Dredging in the Mekong River near the Neak Leung Ferry crossing in Prey Veng province has continued one week after the Water Resource Ministry announced that it would, yet again, ask Prime Minister Hun Sen to stop the dredging, which could pose a danger to local riverbank communities, local authorities and villagers said.
Villagers in Prey Veng on Wednesday said the water resource ministry has not acted quickly enough in seeking the prime minister’s intervention with the dredging company, which is reportedly owned by a member of the premier’s own personal bodyguard unit.
“The company workers have told us they will not stop without an order from Hun Sen,” said 46-year-old Uth Thary of Prek Khsay village.
“I want the order to be issued here soon. Otherwise, we are still living with the worry,” he said.
Sam Ne, chief of Prek Khsay Khor commune in Prey Veng province’s Peamro district, said the dredging company, the Phal Sareth Import Export Tourism company, has simply moved its fleet of sand-pumping tugboats 2 km north of the Neak Leung Ferry, a location where dredging is prohibited.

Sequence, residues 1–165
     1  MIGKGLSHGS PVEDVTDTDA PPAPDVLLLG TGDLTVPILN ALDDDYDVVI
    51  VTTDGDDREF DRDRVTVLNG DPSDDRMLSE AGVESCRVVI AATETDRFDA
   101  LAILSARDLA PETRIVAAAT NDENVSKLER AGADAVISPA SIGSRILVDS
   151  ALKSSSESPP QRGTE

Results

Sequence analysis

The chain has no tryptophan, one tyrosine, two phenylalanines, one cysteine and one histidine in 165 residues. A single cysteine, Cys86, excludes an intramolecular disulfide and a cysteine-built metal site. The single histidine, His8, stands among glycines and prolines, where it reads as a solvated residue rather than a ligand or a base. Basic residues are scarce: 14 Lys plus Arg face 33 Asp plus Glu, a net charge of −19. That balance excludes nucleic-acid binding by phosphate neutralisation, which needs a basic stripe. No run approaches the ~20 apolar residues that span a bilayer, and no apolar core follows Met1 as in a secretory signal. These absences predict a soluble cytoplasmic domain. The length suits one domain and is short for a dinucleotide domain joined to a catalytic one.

“I am worried about the riverbank collapse,” he said.
The Ministry of Water Resources has attempted four times already to stop the firm from dredging in the area and designated it a no-dredge zone, according to ministry documents.
On May 26 last year, Minister Lim Kean Hor said his ministry’s sand management committee had decided to seek Hun Sen’s endorsement on their proposed order to stop all sand dredging in Peamro district due to concerns about the possibility of riverbank collapse.
Lim Kean Hor could not be reached for comment Wednesday, but his cabinet chief Chan Yuttha said the intervention letter has still not been sent to Hun Sen.
“I have prepared it already,” he said, but declined to explain why the letter has not been sent to the prime minister.
Bunchan Kreusna, deputy director general of Phal Sareth company, said sand dredging boats belonging to his company have moved 6 to 7 km from the prohibited area.
“We decided to move on our own, before the issuance of an order,” he said. “We have been informed about the possible ending of dredging. So we moved,” he said, and blamed 10 other dredging companies for digging riverbed sand from the prohibited area near the busy ferry town.
Prey Veng Governor Ung Samy could not be reached for comment Wednesday, but he said by telephone Monday that his provincial authorities are ready to enforce the order from the government when it arrives.